I've shot a number of NHL games in Dallas from the stands. The confusing thing to me was the difference in the rules printed in the program distributed at the venue and the rules on the Dallas Stars website. I'll be honest and will say I can't remember which said what, but one said it was okay, the other not.
I ended up figuring that the worst that could happen is that I'd have to schlep my backpack out to the car, so I showed up with a 1D something and a 70-200 2.8 and a 100-400. The security guy had me open my backpack, looked in, and let me through. So I think this varies by venue/organization.
While I know that organizations like the PGA (which I've read has one of the most stringent/protective rulesets about usage of images of PGA Pros) are at one extreme, I figure the NHL was sort of at the other end - looking to rebuild fan support after the lockout a few years back - so if folks show up and take some pics to post online - more power to em... I think the main issue would be what would happen if I had tried to sell those images, especially for commercial (non editorial) usage.
As a photographer that does quite a bit of work with Professional Cycling, I know more about what that "environment" is like. Yes, the advent of dslrs, cell phones w/ good quality cameras, etc - has broadened the number of photogs who can get scenics and other venue shots - there is still a premium paid to those who can get on a motorcycle as a part of the race. At most large races (Tour of California or USA Pro Cycling Challenge in Colorado) the race organization provides about 10 motorcycles w/ drivers who have been "vetted" and know the rules as to where and when they can be in a race. Then, media submit requests for time on the motos and it usually turns out that 4 or 5 get rides for the full week. These are photographers who have "agency" or big cycling publication contracts. The rest of the motos are apportioned by need and by city. So local media get a shot for a day, while other freelance shooters who have other agreements with teams or sponsors can get a day or more on a moto.
That gives us a better opportunity to get more shots from a day's racing, giving us the "critical" images that others just can't get. We're still fairly limited as to what we do with them. We've a fairly wide berth on usage in editorial situations - media outlets, websites, blogs focused on racing; the teams buy some, etc. The athletes themselves have varying levels of sensitivity to sale of their image for commercial usage. They are also fairly okay with sale to fans for personal display/use... so some money can come in from print sales via a website. Usually they are okay with a team or personal sponsor paying for images, but random other products who want to insinuate that say Lance Armstrong has endorsed their product, not so much. Having shot for a number of top teams, I'm sure that I've received repeat business because I've not abused the privelege...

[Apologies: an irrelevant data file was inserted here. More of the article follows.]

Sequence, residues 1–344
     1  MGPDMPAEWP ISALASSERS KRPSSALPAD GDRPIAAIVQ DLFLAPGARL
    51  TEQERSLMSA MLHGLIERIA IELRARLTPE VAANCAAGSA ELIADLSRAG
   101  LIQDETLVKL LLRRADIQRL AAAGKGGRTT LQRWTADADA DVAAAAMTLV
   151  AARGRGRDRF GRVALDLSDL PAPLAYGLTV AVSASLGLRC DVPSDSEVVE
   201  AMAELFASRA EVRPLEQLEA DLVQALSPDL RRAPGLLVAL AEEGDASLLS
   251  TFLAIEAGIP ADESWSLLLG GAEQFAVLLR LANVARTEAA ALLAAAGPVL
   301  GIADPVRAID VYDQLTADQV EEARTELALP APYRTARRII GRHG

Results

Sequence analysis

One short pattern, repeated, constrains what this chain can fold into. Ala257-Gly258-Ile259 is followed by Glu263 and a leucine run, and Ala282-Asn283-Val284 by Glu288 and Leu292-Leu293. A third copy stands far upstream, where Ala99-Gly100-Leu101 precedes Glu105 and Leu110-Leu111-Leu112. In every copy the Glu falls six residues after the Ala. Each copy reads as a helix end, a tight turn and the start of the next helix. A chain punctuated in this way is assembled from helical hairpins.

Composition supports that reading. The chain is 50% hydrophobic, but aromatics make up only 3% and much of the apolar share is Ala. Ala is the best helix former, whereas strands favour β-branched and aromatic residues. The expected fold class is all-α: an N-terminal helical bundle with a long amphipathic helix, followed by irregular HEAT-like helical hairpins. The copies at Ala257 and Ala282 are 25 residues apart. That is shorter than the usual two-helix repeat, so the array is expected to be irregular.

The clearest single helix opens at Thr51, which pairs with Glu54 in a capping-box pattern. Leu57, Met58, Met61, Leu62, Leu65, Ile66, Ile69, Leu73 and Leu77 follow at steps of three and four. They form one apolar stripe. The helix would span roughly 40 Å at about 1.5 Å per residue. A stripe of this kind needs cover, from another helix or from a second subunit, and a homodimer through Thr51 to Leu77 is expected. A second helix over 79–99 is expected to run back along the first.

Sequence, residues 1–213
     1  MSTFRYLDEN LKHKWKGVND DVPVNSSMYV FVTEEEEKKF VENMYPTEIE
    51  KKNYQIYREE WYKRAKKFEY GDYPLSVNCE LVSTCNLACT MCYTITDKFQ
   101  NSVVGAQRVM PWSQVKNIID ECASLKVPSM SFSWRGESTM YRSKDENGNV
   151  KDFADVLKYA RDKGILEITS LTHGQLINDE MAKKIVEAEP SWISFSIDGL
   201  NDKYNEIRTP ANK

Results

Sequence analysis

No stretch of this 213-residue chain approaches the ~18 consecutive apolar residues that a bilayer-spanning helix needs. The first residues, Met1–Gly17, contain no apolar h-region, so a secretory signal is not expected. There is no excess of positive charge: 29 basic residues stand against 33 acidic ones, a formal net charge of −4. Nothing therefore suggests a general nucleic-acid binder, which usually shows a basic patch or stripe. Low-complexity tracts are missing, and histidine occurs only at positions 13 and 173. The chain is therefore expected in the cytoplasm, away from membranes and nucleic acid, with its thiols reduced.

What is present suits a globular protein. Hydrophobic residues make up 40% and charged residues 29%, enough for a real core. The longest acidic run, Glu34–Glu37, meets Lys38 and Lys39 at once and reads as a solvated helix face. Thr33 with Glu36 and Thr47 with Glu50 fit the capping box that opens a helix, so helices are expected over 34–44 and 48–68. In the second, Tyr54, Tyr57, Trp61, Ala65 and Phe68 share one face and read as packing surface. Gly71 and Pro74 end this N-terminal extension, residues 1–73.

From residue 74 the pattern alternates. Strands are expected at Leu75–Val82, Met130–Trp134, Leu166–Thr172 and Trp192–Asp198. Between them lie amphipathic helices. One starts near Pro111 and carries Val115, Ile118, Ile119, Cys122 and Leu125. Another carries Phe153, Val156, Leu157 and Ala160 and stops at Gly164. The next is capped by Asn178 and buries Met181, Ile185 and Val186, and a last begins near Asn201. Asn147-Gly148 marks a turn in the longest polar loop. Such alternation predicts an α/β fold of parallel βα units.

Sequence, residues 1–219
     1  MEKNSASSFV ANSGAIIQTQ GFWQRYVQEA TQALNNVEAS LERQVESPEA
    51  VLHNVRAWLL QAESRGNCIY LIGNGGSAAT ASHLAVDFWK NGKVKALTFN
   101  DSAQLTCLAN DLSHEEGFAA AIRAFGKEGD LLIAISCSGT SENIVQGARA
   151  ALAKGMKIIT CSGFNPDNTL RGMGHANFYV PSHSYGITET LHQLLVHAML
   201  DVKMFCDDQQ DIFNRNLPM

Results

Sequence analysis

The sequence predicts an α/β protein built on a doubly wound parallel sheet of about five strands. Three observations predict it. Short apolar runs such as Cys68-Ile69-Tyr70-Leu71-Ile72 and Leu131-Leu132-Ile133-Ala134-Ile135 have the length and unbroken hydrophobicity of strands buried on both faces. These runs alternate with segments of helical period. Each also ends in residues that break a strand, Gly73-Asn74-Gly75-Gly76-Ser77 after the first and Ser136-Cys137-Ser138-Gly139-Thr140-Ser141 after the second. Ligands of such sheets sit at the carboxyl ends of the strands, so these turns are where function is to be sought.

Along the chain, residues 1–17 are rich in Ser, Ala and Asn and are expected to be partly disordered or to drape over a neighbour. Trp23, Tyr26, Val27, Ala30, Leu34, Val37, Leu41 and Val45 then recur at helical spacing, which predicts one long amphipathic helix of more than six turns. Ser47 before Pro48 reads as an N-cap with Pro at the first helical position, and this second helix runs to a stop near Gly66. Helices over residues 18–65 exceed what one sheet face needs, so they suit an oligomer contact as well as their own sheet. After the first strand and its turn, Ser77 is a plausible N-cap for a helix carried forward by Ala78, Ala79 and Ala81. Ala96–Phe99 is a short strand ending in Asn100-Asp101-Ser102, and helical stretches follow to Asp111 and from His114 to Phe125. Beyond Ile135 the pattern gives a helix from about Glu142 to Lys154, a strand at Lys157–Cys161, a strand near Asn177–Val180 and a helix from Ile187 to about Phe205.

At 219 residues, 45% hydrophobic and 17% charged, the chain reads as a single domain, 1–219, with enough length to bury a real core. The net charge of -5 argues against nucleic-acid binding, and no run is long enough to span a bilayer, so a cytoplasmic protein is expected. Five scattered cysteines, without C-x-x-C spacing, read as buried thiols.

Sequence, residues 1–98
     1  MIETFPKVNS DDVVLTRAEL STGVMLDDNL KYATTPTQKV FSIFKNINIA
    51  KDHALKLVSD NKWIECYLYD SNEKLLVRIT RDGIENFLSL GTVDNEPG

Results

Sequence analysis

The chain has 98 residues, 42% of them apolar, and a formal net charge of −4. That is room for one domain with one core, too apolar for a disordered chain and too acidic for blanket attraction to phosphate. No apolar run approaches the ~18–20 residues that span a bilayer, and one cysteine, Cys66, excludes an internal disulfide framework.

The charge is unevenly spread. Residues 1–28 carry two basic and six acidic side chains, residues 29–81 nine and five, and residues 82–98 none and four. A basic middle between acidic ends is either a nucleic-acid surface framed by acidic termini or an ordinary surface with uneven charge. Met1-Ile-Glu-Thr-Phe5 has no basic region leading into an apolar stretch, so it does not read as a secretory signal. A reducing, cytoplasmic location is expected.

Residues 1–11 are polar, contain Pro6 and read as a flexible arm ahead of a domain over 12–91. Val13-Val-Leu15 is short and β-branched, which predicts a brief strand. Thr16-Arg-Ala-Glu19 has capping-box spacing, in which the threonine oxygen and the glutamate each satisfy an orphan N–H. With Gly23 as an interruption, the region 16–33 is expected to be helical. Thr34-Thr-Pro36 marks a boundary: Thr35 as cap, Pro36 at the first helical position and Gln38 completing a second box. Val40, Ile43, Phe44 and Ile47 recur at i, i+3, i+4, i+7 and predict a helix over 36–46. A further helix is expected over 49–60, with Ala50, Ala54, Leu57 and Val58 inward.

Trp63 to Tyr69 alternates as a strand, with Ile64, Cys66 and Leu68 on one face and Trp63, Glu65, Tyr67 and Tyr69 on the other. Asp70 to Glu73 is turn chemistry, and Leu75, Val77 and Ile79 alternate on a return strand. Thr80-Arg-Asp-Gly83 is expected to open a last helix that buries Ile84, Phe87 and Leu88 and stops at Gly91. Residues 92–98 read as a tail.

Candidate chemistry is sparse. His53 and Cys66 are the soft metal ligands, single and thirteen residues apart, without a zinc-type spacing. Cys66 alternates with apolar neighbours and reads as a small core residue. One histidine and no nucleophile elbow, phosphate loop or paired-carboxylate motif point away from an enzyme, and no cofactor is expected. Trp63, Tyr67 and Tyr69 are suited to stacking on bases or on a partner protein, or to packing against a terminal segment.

I think I'd sum this up as follows - it can never hurt to ask a team/venue/whatever about getting access. The worst they can say is "no" - but I'd just also be cognisent of what you want to do with the images and be up front with said venue. They'll let you know if there is an existing contract, etc. As another example, there is a velodrome near my old house in Dallas, TX. I was the "track photographer" out there for about 3 years or so. The track organizers and officials were nice enough to chat with other photogs who showed up to shoot. If they were on "assignment" for a rider or a sponsor or local news - no worries; but they asked that the shooters respect that I was there for every race and to not post images for general sale. Could the shooters still sell? sure - but I think all of them didn't - as there is a bit of a code of ethics between shooters. I did see a few post images for sale and I never emailed or called anyone about it. I guess part of it was that there wasn't that much money in velodrome sales... <chuckle> I was doing it to support the sport and the venue.
Hope that helps - sorry if I rambled a bit.